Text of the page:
Location of marking trees and monitoring procedure
Twenty-one traditionally used trees were monitored which showed signs of recent marking activity. Marking trees were identified by sampling the forest along wildlife trails and a disused logging road which ran parallel to the west shoreline of the estuary. Marking signs included claw and bite marks, remnants of hair displaying evidence of rubbing, and wounds on trees due to bark stripping. Scars caused by clawing and biting indicated that the tree was traditionally used. Fresh marks were indicated by fresh oozing sap from wounds, lacerated bark which left fragments exposed, the colour of exposed wood, and any remnants of hair loosely attached. Most marking trees were located at forest edges bordering the estuary. Cameras allowed for the recording of marking behaviour not easily detected by visual observation of trees, such as cheek rubbing. All cameras were stationed in different locations to maximise the capture rate of different individuals. Seven ‘Reconyx’ (Reconyx Inc., Wisconsin, USA) model RC55 digital passive still-image trap cameras were deployed in 2009, and supplemented by a further 10 ‘Reconyx’ model PC85 cameras in 2010. Cameras were set up to record images both day and night via the infrared flash. Cameras were positioned opposite marking trees, facing along a trail so to capture the behaviour of the target on approach and departure. Cameras were initially checked after 2–3 days to ensure correct positioning and function and then left for two weeks before any data was assessed. Cameras that recorded little or no activity were relocated. Subsequently, easily accessible cameras (n = 9) were checked approximately every week, with less accessible ones (n = 8) checked every two weeks.
Scent marking and investigatory behaviour was documented outside of the breeding season to assess for potential seasonal differences. Camera traps were repositioned facing marking trees in areas of high activity during the pink salmon (O. gorbuscha) run from August onwards . Camera protocols remained as previously described.
Direct visual observations
Direct observations were used to supplement data and knowledge of the sample population. This included identification of individuals, recognition of those individuals on images, assignment of individuals to the correct age sex class, and monitoring and documentation of mating behaviour. Direct visual observations during the breeding season were conducted primarily by boat, but also occasionally on land. Photographs, written descriptions, and identification sheets were used to document distinguishing characteristics of individuals. Observations were conducted during daylight hours between 0730 and 1800 hrs. Observations were usually in three hour blocks, based around high tide. During the non-breeding season, direct visual observations were conducted from viewing platforms located at an artificial weir, where bears congregate due to increased fishing opportunities. Observations were generally conducted during daylight hours, in five hour blocks.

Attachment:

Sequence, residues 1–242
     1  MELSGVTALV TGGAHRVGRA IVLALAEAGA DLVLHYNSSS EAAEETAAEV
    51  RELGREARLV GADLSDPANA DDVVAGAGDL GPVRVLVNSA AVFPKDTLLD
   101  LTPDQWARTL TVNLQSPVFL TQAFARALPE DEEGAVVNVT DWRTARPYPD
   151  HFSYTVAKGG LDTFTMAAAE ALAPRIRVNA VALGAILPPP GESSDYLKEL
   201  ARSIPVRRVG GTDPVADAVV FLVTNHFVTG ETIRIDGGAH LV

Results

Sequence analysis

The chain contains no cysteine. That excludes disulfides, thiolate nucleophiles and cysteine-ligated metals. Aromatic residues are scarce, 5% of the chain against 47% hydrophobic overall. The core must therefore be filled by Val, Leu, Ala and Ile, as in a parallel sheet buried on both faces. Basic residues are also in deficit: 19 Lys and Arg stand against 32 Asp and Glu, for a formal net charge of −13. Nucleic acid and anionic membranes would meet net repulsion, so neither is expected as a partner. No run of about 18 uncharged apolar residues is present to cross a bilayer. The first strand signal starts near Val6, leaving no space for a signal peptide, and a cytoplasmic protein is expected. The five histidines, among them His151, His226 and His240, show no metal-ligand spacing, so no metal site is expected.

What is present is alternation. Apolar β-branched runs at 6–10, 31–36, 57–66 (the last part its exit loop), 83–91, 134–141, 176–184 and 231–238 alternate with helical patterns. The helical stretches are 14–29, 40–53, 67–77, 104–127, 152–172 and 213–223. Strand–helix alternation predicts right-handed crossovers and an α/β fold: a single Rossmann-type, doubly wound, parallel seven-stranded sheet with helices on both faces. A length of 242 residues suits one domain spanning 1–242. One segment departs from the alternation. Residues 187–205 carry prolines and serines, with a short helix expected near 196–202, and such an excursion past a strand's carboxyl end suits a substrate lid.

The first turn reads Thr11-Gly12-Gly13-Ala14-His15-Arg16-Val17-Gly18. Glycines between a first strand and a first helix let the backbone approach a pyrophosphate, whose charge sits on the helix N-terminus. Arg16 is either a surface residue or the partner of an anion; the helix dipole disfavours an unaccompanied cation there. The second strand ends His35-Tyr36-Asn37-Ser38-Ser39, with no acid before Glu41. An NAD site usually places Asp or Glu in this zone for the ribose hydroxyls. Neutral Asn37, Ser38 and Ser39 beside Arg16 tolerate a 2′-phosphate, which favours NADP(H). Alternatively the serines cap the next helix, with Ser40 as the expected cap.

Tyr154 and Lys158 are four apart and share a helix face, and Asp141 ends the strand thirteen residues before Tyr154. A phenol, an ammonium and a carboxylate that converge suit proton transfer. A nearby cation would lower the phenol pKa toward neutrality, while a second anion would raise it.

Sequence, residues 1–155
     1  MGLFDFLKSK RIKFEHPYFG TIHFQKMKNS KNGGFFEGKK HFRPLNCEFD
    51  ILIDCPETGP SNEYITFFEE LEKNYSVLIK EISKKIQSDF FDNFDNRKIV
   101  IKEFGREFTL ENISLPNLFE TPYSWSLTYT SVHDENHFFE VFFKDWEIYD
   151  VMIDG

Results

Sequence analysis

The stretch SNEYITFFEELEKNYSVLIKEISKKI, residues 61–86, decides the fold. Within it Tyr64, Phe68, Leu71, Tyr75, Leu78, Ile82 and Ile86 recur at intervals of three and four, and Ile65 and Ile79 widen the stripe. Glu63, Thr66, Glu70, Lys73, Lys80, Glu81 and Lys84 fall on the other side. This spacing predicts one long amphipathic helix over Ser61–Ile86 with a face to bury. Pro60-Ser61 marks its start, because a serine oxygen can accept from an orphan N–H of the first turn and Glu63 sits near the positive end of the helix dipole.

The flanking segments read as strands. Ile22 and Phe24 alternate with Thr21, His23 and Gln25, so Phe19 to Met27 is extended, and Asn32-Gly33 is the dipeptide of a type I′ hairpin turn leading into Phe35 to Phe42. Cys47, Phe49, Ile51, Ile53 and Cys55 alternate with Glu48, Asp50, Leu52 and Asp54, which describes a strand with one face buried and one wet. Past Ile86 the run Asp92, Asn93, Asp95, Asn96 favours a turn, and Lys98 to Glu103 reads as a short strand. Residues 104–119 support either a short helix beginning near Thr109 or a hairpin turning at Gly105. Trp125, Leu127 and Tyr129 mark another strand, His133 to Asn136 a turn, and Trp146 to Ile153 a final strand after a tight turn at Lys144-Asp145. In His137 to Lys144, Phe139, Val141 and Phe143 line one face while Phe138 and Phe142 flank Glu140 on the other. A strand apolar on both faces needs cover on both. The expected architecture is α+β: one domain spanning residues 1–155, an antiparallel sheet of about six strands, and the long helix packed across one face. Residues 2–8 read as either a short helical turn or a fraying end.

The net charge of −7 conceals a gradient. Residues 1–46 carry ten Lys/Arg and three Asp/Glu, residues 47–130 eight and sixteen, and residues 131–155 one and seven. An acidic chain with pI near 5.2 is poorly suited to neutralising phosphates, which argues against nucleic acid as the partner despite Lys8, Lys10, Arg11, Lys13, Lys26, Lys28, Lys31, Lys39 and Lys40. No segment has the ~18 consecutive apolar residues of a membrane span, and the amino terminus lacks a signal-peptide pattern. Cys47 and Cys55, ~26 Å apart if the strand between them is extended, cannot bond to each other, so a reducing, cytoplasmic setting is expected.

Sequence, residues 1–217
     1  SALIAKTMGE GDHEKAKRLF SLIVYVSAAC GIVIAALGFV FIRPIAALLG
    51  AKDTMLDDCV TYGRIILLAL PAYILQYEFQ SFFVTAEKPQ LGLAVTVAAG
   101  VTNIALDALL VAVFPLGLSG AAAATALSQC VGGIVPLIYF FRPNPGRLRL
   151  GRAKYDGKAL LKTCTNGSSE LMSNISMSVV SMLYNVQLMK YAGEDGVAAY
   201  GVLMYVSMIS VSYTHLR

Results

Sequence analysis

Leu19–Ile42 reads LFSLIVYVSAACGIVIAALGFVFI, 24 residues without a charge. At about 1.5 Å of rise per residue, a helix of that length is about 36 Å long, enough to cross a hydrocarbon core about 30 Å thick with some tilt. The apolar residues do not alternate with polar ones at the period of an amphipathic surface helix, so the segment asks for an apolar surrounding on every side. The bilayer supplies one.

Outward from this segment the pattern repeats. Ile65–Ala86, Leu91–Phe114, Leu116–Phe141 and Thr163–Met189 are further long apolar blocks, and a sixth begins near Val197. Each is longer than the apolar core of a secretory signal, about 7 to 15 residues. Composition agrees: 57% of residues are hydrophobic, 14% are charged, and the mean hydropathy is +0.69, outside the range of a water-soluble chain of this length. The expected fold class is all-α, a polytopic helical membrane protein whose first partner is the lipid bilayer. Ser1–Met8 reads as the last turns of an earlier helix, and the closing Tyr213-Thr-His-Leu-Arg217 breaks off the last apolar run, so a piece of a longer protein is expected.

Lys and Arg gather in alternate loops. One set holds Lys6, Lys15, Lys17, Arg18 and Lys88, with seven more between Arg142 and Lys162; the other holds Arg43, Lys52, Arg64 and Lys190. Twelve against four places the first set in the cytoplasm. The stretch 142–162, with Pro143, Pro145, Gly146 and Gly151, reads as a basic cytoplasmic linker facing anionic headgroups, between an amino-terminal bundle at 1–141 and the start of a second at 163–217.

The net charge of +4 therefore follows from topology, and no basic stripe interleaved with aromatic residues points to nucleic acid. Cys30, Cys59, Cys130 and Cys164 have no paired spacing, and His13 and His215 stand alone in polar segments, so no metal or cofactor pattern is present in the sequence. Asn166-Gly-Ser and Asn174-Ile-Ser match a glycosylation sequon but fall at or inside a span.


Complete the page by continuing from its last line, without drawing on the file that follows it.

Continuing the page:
Classifying and categorising images
A total of 1,265 trap nights during the breeding season and 1,024 trap nights during the non-breeding season were carried out. A trap night was defined as a 24-hour monitoring period by each camera, as in Ríos-Uzeda et al. . Camera trap images from the breeding and non-breeding seasons were analysed separately. Each occasion where a brown bear was captured on an image, or set of images, was classified as an ‘event’  and given a unique ID. The age sex class of the individual(s) captured was assessed (Table 2) and their behaviour recorded (Table 3) for each event. Courting pairs were classified as individuals, but their association was noted. Where images of an individual were separated by less than five minutes on a single camera they were not considered independent events.